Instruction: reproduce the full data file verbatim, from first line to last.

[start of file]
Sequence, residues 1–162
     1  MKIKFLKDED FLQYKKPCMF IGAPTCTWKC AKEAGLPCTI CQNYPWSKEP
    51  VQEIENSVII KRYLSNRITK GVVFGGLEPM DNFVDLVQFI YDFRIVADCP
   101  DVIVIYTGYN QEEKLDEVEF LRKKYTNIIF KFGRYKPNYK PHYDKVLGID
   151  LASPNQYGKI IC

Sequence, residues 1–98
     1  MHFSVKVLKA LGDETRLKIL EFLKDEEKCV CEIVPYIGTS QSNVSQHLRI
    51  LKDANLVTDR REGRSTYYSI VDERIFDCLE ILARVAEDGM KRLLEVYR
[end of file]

Sequence, residues 1–162
     1  MKIKFLKDED FLQYKKPCMF IGAPTCTWKC AKEAGLPCTI CQNYPWSKEP
    51  VQEIENSVII KRYLSNRITK GVVFGGLEPM DNFVDLVQFI YDFRIVADCP
   101  DVIVIYTGYN QEEKLDEVEF LRKKYTNIIF KFGRYKPNYK PHYDKVLGID
   151  LASPNQYGKI IC

Sequence, residues 1–98
     1  MHFSVKVLKA LGDETRLKIL EFLKDEEKCV CEIVPYIGTS QSNVSQHLRI
    51  LKDANLVTDR REGRSTYYSI VDERIFDCLE ILARVAEDGM KRLLEVYR